What is QCMC?
Our Mall
The Macerich Company
Contact Us
Living Wage Jobs
Community Services
Union Rights
Take Action!
In The News
Upcoming Events
Press Releases
Press Packet
Photo Gallery


In The News
Buffalo Rising
Jun 22, 2011
The Real Deal
Jun 21, 2011
Your Nabe
Jun 02, 2011
Forest Hills Patch
May 27, 2011
Queens Chronicle
May 26, 2011
Mall Target of Wage Criticism
The Queens Courier
Claudia Cruz

January 18, 2010
View the Original Article

Queens Center Mall, a popular shopping destination and community partner, finds itself the latest target of the living wage debate.

Retailers at Queens Center Mall and the mall property owner, The Macerich Company, have been accused by local elected officials and community activists of not paying a living wage to the majority of the mall’s approximately 3,100 workers, despite Macerich’s receipt of around $48 million in city tax abatements during the last five years.

“Queens Center Mall is among the most profitable malls across the country and made sales of about $876 per square foot in 2008,” said Andrew Friedman, co-executive director of the Jackson Heights community organization Make the Road New York (MRNY). The mall has 966,499 square feet of leasable space and has 97.5 percent occupancy. “Macerich could lower rents and still make money so that the [retail] tenants could pay more to the workers.”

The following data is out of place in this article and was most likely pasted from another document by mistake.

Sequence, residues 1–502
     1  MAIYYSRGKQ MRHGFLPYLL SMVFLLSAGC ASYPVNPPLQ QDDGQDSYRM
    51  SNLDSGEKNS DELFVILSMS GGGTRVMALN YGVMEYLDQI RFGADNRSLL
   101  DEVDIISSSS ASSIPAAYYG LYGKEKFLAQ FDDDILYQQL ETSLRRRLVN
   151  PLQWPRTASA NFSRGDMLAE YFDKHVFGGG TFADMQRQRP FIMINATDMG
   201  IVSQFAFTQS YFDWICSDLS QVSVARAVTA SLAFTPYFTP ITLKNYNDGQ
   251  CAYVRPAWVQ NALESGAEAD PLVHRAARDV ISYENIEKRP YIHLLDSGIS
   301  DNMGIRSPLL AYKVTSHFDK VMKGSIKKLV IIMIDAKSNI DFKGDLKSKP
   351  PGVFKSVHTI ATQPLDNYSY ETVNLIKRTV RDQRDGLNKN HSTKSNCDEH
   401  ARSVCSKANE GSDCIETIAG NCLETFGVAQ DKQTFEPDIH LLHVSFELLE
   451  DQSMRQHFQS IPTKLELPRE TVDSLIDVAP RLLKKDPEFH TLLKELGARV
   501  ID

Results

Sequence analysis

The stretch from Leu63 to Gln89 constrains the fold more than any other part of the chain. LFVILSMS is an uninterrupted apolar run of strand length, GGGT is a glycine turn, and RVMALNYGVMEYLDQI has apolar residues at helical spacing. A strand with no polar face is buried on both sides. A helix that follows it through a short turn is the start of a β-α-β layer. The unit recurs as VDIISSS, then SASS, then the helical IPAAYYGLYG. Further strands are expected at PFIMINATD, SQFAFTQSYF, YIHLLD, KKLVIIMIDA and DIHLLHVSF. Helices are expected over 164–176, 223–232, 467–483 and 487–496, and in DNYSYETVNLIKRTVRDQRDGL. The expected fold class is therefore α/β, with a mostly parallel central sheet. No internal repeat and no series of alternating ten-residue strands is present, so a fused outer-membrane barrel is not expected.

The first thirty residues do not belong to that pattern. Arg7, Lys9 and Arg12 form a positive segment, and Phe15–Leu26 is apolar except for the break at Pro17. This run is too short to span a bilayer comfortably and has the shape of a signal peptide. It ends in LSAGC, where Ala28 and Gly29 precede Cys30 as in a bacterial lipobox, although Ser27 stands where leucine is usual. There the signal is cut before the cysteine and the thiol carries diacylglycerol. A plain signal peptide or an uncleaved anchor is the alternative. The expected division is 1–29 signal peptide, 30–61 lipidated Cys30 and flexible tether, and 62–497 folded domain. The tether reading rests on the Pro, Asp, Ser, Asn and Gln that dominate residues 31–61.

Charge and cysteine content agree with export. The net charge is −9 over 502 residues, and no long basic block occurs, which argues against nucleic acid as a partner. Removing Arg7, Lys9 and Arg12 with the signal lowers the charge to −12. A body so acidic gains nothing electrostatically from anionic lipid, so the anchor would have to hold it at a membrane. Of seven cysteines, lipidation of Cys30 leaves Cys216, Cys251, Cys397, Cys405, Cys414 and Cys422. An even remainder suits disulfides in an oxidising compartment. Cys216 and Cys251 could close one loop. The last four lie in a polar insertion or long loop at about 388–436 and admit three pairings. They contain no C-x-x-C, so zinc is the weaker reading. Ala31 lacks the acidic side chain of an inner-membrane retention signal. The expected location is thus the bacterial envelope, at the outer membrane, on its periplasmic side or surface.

Friedman recommended that Macerich include requirements in its lease agreements stipulating that tenants provide a living wage, which they calculate at $10 with benefits or $11.50 without benefits.

Queens Center Mall spokesperson Dawn Simon declared in an email statement that “we do not discuss our leases and cannot comment on behalf of retailers.”

Simon added that groups like Latino Share, a cancer survivor support and educational group, LaGuardia Community College, Community Board 4, and New York Blood Center consistently use the 1,400 square foot community unity room, which has a kitchenette and bathroom. The Queens Economic Development Center also utilizes space.

According to Friedman, beginning in 2004, the mall entered into the Industrial Commercial Incentive Program (ICIP) – now replaced by the Industrial and Commercial Abatement Program (ICAP) – for a tax abatement benefit period of 15 years. The MRNY/RWDSU report expects Queens Center Mall to receive a benefit of $129 million during that time.

However, Owen Stone, a spokesperson for the New York City Department of Finance (DOF), which administers the development and construction projects under the ICIP/ICAP, said “the ICIP is designed to stimulate capital investment, and create and retain jobs in the neighborhoods that need it.”

“There is no wage requirement for employees of businesses that are receiving ICIP,” said Stone. Unnamed sources tell the The Queens Courier though the city may not receive real estate taxes, the city receives employment and sales taxes.

MRNY maintains their position that Macerich “gives too little in exchange for too much.”

Friedman added that MRNY launched their living wage campaign at Queens Center Mall because their membership lives, works and shops primarily in the vicinity of the mall.

“The role of responsible government is to get more for the public then what they give,” he said.